Federal Court declines to answer questions on foreign-owned marks

In Meidi-Ya Co Ltd Japan v Meidi (M) Sdn (Case 02-8-2007 (W)), December 4 2008, reported in [2009] 2 MLJ 14), the Malaysian Federal Court has, on technical grounds, declined to answer a number of questions of law pertaining to the doctrine of first use and ownership of a foreign trademark.

Meidi-Ya Co Ltd Japan, a Japanese corporation, owns the trademark MEIDI-YA for baked goods. In 1987 its Malaysian subsidiary filed several applications to register the trademark MEIDI-YA in Roman and kanji characters.
In 1986 Meidi (M) Sdn Bhd, a Malaysian company, filed an application to register the trademark MEIDI-YA FRESH BAKERY (and 'stalks of wheat' design).
Faced with two competing applications for the registration of similar marks, the registrar of trademarks directed that the case be determined by the High Court. The court allowed the registration of Meidi's mark, but without the element 'ya'. It also ordered that Meidi-Ya's application proceed to registration, thus allowing the two marks to coexist.

Meidi appealed to the Court of Appeal and Meidi-Ya cross-appealed. In October 2007 the Court of Appeal held that since Meidi-Ya had failed to show that it was the first user of its trademark and trade name in Malaysia, it had not proved that it owned the MEIDI-YA mark. The court thus set aside the order of the court of instance and declared that Meidi was entitled to apply for the registration of its mark. Meidi-Ya obtained leave to refer a number of questions of law to the Federal Court.

The questions - as reframed with the consent of both parties - were as follows:

  • Whether Meidi-Ya's de minimis use of its name and trademark in Malaysia implied that it had sole ownership of the mark in the country; and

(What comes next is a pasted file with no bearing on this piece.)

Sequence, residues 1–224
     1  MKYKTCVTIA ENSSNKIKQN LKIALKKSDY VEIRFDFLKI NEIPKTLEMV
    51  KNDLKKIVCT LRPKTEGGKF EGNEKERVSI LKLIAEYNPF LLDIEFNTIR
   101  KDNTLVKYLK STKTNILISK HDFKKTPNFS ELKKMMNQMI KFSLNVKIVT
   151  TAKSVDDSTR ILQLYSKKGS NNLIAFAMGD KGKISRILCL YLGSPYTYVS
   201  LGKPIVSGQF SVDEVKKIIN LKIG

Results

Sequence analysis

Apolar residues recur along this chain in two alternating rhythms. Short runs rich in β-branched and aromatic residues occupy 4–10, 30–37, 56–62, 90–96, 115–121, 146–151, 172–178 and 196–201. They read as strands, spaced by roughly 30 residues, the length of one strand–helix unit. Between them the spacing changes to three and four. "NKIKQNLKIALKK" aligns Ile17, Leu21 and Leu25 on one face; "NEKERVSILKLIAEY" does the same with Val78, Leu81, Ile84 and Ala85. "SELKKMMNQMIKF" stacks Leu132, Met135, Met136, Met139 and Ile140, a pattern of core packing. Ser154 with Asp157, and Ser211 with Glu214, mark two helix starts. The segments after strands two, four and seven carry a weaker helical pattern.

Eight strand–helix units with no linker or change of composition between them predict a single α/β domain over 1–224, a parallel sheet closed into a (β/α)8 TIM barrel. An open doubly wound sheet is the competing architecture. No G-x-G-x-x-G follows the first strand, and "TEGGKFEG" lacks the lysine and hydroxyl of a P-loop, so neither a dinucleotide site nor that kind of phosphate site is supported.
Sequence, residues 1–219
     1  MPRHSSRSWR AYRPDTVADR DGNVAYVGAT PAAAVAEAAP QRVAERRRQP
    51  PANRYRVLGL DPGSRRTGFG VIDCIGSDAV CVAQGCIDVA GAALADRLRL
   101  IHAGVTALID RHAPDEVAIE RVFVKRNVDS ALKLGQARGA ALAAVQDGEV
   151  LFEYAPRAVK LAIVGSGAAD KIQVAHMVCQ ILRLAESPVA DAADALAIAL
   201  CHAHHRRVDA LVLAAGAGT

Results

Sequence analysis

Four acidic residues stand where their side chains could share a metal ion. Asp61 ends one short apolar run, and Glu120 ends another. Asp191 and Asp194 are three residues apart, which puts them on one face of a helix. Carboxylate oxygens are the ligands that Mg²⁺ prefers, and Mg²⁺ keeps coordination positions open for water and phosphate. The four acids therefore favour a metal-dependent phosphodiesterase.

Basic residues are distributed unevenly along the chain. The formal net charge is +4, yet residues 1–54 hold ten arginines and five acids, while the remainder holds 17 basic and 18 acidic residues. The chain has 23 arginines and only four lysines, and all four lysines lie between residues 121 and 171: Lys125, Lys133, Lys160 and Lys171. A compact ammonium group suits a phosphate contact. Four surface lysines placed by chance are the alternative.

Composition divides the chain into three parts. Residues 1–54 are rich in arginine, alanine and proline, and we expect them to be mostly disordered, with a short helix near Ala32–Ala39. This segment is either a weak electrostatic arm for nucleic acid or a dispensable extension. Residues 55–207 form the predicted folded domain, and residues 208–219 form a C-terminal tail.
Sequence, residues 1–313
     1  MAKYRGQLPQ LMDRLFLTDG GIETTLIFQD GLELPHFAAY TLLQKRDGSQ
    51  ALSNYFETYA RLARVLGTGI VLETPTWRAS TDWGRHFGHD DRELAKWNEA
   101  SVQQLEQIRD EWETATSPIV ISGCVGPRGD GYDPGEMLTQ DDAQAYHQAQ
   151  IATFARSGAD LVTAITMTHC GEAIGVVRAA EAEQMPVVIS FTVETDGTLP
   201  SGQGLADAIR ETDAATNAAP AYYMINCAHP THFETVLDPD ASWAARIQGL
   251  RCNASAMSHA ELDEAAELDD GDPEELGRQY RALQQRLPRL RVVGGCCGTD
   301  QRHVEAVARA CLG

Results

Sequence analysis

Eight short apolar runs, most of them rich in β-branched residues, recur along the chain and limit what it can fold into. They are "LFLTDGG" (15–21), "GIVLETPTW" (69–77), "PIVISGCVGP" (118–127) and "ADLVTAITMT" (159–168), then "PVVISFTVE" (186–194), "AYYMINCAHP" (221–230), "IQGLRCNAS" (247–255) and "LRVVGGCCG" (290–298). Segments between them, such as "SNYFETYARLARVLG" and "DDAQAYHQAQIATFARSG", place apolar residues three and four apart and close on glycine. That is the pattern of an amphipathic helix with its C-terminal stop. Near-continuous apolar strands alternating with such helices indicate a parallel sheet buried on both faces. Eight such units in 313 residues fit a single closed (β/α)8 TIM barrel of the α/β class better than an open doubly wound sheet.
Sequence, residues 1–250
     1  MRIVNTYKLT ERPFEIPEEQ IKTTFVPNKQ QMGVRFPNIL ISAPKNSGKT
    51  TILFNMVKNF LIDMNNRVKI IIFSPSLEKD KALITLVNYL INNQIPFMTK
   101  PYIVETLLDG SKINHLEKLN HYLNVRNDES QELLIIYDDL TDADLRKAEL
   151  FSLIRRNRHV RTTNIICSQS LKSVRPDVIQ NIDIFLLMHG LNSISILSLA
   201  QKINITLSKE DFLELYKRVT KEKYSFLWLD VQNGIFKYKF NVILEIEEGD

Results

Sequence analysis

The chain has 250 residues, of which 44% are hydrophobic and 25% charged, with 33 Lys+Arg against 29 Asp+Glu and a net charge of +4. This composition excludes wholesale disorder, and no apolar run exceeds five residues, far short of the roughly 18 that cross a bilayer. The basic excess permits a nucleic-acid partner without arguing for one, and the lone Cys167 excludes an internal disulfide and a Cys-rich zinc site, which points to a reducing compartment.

• Whether Meidi should be allowed to register its mark in light of:
    • Sections 3, 10 and 14(1)(a) of the Malaysian Trademarks Act 1976; and
    • the legislative intent to maintain the purity of the Register of Trademarks.
On September 11 2008 the Federal Court reserved judgment in the case (for further details please see "Federal Court reserves judgment in important case on foreign marks").

In the present decision, the court held that the questions referred to it were not properly framed and thus refused to answer them.

In particular, after reviewing the relevant legal provisions and case law, the court held that for it to answer a question of law, the following conditions must be fulfilled:
  • The decision of the Court of Appeal must raise a point of general principle which has not been previously addressed by the Federal Court; and
  • There must be a prima facie case of success in the underlying proceedings should the point of law be decided in favour of the appellant (in other words, the Federal Court will not decide purely academic issues).
Applying these principles to the case at hand, the Federal Court held that through the questions referred to it, Meidi-Ya was in fact trying to reverse a finding of fact made by the Court of Appeal. Since Meidi-Ya was not the first user of the mark in Malaysia, the court held that both questions were purely academic and dismissed the appeal.

The decision of the Federal Court may not be faulted under the principles of civil procedure. Nevertheless, the IP community was disappointed that the court did not seize the opportunity to shed some light on this significant issue. 

Teo Bong Kwang, Wong Jin Nee & Teo, Kuala Lumpur

Unlock unlimited access to all WTR content